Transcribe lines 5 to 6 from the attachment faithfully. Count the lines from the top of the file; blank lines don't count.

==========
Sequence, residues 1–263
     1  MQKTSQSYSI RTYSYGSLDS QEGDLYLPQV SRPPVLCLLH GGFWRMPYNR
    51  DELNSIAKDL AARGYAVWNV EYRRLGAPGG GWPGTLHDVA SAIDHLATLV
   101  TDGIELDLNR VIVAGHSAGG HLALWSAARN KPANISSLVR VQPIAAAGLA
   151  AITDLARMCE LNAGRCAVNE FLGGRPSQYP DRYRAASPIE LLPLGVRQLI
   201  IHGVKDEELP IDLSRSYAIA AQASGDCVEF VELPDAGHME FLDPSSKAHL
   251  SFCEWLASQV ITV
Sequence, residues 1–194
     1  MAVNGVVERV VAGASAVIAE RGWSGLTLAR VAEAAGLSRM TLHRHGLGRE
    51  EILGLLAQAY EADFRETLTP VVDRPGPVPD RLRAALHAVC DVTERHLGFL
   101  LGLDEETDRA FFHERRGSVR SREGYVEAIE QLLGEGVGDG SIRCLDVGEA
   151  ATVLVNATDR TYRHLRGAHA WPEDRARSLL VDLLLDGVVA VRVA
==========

   151  AITDLARMCE LNAGRCAVNE FLGGRPSQYP DRYRAASPIE LLPLGVRQLI
   201  IHGVKDEELP IDLSRSYAIA AQASGDCVEF VELPDAGHME FLDPSSKAHL